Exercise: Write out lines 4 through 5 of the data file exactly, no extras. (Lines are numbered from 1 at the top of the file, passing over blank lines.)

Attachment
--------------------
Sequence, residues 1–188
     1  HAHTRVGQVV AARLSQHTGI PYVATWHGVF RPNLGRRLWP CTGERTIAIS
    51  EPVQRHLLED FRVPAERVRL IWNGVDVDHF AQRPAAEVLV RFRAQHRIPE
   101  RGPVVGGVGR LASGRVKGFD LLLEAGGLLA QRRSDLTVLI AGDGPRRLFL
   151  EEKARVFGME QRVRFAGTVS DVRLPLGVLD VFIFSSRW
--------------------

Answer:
   101  RGPVVGGVGR LASGRVKGFD LLLEAGGLLA QRRSDLTVLI AGDGPRRLFL
   151  EEKARVFGME QRVRFAGTVS DVRLPLGVLD VFIFSSRW